McDonald's Angus snack wrap seems like a simple idea. Just take their popular, juicy Angus Third Pounder burgers, slice them up and stick them in a soft flour tortilla, right? Well, this "simple" idea took a year to develop, plan, taste test and become the appetizing product it is today.
So how do items on the fast food chain's menu get the Golden Arches' seal of approval?
The journey begins with McDonald's executive chef Dan Coudreaut in the franchise's Oak Brook, Ill., headquarters. Whenever a new idea is introduced, he gets to play with the recipe.
"There is no bad idea in this kitchen ... nothing is really off limits," Coudreaut said.
Formally a chef at the Four Seasons, Coudreaut said his current job is obviously very different. He's working with different food prices and cooking for a much bigger crowd.
"Twenty-seven million people a day," Coudreaut said proudly. "And that's just in the U.S."
Given the massive quantity of food needed to serve McDonald's customers, Coudreaut's decisions on which ingredients stay and which ones go can make or break the food chain.
Selling 4.4 million pounds of beef and 8.5 million pounds of potatoes every day, the chef says he's always conscious of which food products are readily available. Such was the case when he experimented with using figs in a smoothie.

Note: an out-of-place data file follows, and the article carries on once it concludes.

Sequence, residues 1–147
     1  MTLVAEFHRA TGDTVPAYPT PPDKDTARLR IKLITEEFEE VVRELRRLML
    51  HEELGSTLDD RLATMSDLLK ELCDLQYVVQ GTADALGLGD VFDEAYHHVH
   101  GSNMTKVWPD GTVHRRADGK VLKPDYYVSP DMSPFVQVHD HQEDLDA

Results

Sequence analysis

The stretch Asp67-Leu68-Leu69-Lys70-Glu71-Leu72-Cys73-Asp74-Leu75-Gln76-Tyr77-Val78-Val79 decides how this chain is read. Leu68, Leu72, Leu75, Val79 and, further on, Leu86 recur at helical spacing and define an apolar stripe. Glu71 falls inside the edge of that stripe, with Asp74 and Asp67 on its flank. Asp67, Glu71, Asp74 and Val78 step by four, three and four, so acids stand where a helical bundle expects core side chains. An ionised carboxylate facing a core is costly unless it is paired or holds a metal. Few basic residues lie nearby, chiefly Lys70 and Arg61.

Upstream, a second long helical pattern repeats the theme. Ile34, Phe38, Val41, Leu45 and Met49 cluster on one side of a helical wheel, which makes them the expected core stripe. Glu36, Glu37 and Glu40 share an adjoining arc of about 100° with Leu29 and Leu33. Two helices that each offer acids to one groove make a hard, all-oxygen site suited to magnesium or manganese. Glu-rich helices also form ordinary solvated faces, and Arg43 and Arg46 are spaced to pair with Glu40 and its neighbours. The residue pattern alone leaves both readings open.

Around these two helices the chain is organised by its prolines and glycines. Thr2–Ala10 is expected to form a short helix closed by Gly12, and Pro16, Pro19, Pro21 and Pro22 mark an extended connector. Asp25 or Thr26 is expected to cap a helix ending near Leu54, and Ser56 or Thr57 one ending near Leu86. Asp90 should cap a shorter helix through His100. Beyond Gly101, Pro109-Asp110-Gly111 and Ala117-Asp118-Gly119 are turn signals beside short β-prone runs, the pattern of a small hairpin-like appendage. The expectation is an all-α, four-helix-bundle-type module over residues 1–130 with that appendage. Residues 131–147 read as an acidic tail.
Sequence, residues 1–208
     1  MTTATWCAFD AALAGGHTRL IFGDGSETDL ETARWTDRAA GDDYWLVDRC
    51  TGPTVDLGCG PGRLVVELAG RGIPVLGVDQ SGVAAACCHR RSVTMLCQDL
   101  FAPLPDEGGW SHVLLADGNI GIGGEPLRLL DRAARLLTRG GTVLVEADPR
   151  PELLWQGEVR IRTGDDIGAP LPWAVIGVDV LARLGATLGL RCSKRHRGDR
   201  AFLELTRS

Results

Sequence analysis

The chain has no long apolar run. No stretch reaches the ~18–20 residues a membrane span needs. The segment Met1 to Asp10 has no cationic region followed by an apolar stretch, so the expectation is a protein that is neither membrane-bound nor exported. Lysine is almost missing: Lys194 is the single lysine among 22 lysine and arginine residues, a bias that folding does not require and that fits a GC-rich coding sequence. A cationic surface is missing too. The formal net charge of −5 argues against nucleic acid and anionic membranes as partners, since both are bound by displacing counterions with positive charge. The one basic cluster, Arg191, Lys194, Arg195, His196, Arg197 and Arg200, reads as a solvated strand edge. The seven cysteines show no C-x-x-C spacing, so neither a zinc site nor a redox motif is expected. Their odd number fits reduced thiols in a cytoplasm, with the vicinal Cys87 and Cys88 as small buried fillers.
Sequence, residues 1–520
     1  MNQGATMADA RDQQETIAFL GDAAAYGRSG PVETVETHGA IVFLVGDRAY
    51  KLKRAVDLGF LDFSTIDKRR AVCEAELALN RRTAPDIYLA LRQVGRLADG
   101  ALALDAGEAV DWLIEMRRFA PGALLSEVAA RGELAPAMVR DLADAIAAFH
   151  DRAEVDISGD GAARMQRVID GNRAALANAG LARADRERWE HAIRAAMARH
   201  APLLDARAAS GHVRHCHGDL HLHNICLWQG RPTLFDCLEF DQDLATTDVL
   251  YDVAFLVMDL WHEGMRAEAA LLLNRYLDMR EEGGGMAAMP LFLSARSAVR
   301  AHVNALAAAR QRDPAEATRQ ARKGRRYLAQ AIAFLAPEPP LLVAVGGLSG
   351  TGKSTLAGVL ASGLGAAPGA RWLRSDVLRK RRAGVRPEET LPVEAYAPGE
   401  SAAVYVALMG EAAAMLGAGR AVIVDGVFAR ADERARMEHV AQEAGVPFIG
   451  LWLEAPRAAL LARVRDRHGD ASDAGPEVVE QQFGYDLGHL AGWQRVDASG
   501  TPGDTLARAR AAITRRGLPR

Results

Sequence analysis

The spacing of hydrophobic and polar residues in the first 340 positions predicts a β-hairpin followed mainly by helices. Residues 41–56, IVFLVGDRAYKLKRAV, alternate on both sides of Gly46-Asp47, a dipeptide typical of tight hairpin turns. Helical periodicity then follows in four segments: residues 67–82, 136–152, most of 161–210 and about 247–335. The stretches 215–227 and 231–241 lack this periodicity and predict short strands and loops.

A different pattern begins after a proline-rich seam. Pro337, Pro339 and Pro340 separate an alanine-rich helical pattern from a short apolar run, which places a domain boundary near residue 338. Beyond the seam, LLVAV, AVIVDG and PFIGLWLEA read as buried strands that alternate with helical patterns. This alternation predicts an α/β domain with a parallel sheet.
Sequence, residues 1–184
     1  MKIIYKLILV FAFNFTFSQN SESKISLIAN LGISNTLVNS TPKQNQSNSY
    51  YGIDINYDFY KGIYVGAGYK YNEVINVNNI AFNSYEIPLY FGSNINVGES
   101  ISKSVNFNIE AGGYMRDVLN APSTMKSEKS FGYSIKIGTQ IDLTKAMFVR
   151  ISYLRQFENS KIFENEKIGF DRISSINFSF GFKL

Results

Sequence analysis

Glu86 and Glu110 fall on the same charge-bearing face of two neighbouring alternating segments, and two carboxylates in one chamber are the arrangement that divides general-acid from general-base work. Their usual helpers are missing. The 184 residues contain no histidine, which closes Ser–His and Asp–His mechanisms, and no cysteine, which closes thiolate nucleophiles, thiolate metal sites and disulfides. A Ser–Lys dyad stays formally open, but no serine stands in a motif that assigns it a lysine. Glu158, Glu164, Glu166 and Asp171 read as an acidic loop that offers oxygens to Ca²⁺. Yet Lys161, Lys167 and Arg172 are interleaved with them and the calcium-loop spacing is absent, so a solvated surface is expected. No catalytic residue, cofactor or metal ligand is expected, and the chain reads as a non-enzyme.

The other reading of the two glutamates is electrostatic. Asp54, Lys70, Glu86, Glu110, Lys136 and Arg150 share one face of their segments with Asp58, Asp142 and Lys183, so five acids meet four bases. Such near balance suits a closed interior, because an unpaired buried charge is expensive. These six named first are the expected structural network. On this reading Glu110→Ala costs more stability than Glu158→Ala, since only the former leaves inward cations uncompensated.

"Somebody's got to have them. We have to be able to grow them," Coudreaut explained. "We can't deplete the world's supply of figs."
Another major contributing factor in approving new products: speed. It is a fast food chain after all, and McDonald's employees have to be able to throw together everything on the menu in a matter of seconds.
The new Angus wrap, for example, calls for 40 seconds of assembly.
Once new recipes are locked down, the latest dishes are sent off for focus grouping and taste testing, which are constantly being conducted at headquarters, as well as at other tasting centers around the country.
The somewhat Orwellian named "Department of Sensory Evaluations" not only makes sure the franchise's food tastes good, but also consistent, down to choosing the right supplier for the oatmeal.
From there, recipes are taken into the headquarters' "Innovation Center" for yet another round of fine-tuning. This is where full-scale working mock-ups of McDonald's restaurants are built and employees can practice racing against the clock to put these new recipes to the "fast food" test.
People are also paid to pose as customers, which means coming into the center, ordering off the menu and eating McDonald's for the day.
In a business that's built on good food made right and made quickly, every second counts and McDonald's has made numerous improvements over the years. For example, the latest cash register models allow employees to be 50 percent more efficient at processing orders than the old ones.
"It improves our capacity," said McDonald's Executive Vice President Jeff Stratton.
Stratton said he has shaved off "thousands of seconds" from his company's food production process over his 37 years with McDonald's, often just from introducing faster operating platforms.